Biological issues in Canada impacts Mowi’s bottom line
Liza MayerFeatures Business Management Regulations Sustainability editor pick editors pick Mowi Canada East
Mowi’s operations in Canada continue to suffer from biological challenges, putting a damper on the Group’s otherwise stellar overall performance in the third quarter of 2021.
The Norwegian salmon producer said a low oxygen incident in its operations in Newfoundland and a plankton bloom in the Quatsino-area farm in British Columbia raised farming costs and fetched for the Newfoundland operations lower prices for the untimely harvested fish.
Mowi said it will temporarily pause growth ambitions at its Newfoundland farming region following the recent biological issues.
“We’re going to continue growing fish, just the expected pace of growth has been slowed,” says Mowi Canada East Managing Director Alan Cook. “Effectively, we had planned to scale up to three farms according to the Bay Management Area (BMA) in the Bays West region over the next years. For the next two years, we will stock two farms.”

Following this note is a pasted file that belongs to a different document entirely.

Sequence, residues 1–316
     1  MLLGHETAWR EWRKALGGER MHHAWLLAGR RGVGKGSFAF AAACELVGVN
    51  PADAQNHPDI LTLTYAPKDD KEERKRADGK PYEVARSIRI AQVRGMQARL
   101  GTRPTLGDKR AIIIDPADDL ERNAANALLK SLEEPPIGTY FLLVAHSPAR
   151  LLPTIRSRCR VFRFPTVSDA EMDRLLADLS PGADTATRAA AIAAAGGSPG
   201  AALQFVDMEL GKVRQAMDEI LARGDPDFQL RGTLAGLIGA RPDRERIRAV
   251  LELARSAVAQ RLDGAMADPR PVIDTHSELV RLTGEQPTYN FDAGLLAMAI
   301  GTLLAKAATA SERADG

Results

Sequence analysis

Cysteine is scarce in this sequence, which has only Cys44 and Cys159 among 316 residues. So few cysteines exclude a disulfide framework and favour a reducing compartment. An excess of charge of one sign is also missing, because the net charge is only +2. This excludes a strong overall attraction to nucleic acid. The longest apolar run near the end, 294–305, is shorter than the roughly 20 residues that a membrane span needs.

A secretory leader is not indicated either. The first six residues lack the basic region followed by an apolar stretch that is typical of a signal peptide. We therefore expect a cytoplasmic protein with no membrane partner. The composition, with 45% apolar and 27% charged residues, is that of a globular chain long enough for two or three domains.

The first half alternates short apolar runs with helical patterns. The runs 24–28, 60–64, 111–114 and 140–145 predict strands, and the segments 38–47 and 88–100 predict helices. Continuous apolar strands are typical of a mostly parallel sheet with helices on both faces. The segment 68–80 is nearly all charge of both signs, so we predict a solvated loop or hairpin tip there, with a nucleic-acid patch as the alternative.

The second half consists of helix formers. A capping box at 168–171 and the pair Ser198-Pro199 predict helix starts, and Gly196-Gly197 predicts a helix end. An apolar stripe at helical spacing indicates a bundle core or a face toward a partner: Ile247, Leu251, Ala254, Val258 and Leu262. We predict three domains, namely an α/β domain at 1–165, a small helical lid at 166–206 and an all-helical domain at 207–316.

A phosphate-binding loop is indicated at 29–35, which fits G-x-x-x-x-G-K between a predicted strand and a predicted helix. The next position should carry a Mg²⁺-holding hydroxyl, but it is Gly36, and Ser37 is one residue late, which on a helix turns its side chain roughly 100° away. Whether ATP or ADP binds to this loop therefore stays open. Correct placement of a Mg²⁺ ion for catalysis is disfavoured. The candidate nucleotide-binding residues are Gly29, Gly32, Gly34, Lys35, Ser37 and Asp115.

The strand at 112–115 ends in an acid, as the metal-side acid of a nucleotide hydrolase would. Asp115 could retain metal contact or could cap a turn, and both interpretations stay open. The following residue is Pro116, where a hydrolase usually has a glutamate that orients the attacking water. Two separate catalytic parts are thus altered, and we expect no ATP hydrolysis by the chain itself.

He said the unit is testing a variety of methods, such as in-feed, bath treatments, freshwater, hydrolicers and thermolicers to address the issues.
“We’ll make a decision about 2024 based on how we do over the next two summers. Once we find a system that works consistently, we’ll go back into growth mode,” he said.
Mowi said the decision regarding its eastern Canada unit does not impact the organization, “however, we reserve the right to make adjustments if and when it’s required.”
Overall, the Group had an overall exceptional performance, with revenues reaching a record high of €1.03 billion ($1.19 billion) in 3Q. Operating profit was up 64 percent in 3Q over the same period in 2020.
The salmon industry giant attributed the growth to the improvement in foodservice activity and sustained retail demand.
Print this page